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White House Asked FBI To Refute Reports Of Russia Contacts


The White House is trying to set the record straight about contacts between the administration and the FBI over a critical news story. A CNN report, yesterday, suggested that White House Chief of Staff Reince Priebus asked the FBI to help discredit an earlier story about contacts between Trump campaign officials and Russian spies. Today, the White House pushed back hard on that CNN report.

NPR's Scott Horsley joins us now to talk more. And, Scott, for a little context here, this all started with a story in The New York Times earlier this month about contacts between Russian intelligence officials and people associated with Trump's presidential campaign. Remind us the details of that report.

SCOTT HORSLEY, BYLINE: Audie, the Times said that U.S. intelligence agencies had intercepted multiple phone calls made last year between Russian intelligence officials and people who were associated with the Trump campaign, including the former campaign chairman Paul Manafort. Now, Manafort denied having any knowing contact with Russian spies. But this is a sensitive issue for the president.

Remember that U.S. intelligence community has already concluded that Russia tried to interfere in the presidential election to help Trump win. The president's been forced to fire his national security adviser because he misrepresented his contacts with the Russian ambassador. And investigators are reportedly looking into whether there are possible links between either Donald Trump or his associates and Russia. So that Times story is the kind of thing that gets a lot of attention.

CORNISH: And then fast forward to this week, CNN reports that the White House tried to get the FBI to pour cold water on the Times story and that the FBI refused. So what exactly did the White House have to say about all this?

HORSLEY: White House spokesman Sean Spicer insists it was the FBI that approached Chief of Staff Reince Priebus about the Times story, not the other way around. According to the White House, it was the deputy director of the FBI who came to Priebus and said the Times story is not accurate. The White House says that assessment was later backed up by FBI Director James Comey. But neither Comey nor his deputy wanted to go public and dispute the New York Times, so instead it fell to Priebus to go on television to say the newspaper story was not true. Priebus did that last weekend on "Fox News Sunday."


REINCE PRIEBUS: I can assure you - and I've been approved to say this - that the top levels of the intelligence community have assured me that that story is not only inaccurate, but it's grossly overstated. And it was wrong. And there's nothing to it.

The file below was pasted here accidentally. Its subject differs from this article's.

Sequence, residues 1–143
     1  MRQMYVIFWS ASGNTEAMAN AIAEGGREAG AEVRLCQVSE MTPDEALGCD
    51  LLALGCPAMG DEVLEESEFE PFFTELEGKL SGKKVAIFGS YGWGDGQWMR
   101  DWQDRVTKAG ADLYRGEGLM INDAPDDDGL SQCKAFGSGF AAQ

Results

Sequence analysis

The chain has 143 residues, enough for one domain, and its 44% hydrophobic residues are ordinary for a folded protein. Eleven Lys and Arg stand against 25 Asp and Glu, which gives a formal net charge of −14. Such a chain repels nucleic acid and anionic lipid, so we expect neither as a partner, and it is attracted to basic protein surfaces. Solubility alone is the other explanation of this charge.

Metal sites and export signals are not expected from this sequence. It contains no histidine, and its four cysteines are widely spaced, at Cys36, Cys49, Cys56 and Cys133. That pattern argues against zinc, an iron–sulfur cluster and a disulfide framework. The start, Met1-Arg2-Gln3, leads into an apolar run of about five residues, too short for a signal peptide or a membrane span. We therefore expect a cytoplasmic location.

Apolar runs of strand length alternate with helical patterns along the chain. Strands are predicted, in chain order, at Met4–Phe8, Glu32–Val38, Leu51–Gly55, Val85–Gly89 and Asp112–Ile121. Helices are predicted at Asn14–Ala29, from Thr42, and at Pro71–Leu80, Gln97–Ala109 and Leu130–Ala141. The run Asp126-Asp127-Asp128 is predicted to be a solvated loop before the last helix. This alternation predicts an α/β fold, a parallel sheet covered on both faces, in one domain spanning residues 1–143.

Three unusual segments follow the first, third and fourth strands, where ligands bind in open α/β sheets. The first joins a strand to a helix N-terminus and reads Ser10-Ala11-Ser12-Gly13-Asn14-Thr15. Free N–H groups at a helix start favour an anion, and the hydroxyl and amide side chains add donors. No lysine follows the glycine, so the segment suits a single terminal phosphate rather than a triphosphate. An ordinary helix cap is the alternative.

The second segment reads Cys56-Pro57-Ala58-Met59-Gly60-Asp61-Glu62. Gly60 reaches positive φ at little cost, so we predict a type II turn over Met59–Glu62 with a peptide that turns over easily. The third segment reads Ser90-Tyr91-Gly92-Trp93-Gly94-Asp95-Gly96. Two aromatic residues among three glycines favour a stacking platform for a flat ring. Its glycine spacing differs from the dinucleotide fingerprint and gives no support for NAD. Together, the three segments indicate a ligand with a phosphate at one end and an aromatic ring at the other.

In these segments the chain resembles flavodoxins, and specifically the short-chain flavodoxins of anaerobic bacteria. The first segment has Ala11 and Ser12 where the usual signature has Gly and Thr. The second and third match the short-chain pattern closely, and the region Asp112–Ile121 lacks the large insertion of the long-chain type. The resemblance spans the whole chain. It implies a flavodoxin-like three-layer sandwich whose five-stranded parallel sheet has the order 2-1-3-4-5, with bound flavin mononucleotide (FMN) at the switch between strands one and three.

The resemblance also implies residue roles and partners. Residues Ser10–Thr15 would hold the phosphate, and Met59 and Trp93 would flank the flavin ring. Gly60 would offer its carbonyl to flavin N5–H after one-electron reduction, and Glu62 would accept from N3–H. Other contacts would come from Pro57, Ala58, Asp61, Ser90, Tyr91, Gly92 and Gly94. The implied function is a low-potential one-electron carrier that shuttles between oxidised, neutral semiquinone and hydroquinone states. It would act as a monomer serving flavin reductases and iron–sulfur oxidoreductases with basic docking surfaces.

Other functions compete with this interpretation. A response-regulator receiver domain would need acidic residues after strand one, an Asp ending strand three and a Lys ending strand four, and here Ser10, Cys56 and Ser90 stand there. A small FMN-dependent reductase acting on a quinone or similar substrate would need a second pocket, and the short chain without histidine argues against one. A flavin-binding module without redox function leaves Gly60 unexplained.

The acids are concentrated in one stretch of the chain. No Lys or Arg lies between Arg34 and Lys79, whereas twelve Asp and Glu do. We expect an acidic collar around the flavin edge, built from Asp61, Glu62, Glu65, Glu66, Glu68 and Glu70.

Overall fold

HORSLEY: The White House says Priebus got a green light from the FBI to make that statement, even though the FBI did not want to publicly challenge the Times story itself.

CORNISH: Would there be anything wrong or illegal with the White House chief of staff talking to the FBI about something like this?

HORSLEY: It would appear to run afoul of longstanding guidelines that are designed to prevent exactly the kind of controversy that's now swirling. Those guidelines have been in place for decades. The latest version was crafted in 2009 by Obama Attorney General Eric Holder. And they say when there is an ongoing investigation like this, contacts with the White House should be limited - should only involve the president, the vice president or their top lawyers - and on the Justice Department side - the attorney general or his deputy - not FBI officials, not the White House chief of staff. The whole idea is to insulate investigators from political interference or even the appearance of political interference.

CORNISH: In the meantime, anything at all from the FBI?

HORSLEY: For the record, the FBI is not commenting on this story. The fact that these conversations between the White House chief of staff and FBI officials - the fact those conversations became public has been a source of frustration at the White House. Spokesman Spicer called them troubling. And the president himself protested on Twitter this morning, saying the FBI is totally unable to stop national security leaks and can't even find leakers within the FBI itself.

CORNISH: NPR's Scott Horsley. Scott, thank you.

HORSLEY: You're welcome. Transcript provided by NPR, Copyright NPR.

Scott Horsley is NPR's Chief Economics Correspondent. He reports on ups and downs in the national economy as well as fault lines between booming and busting communities.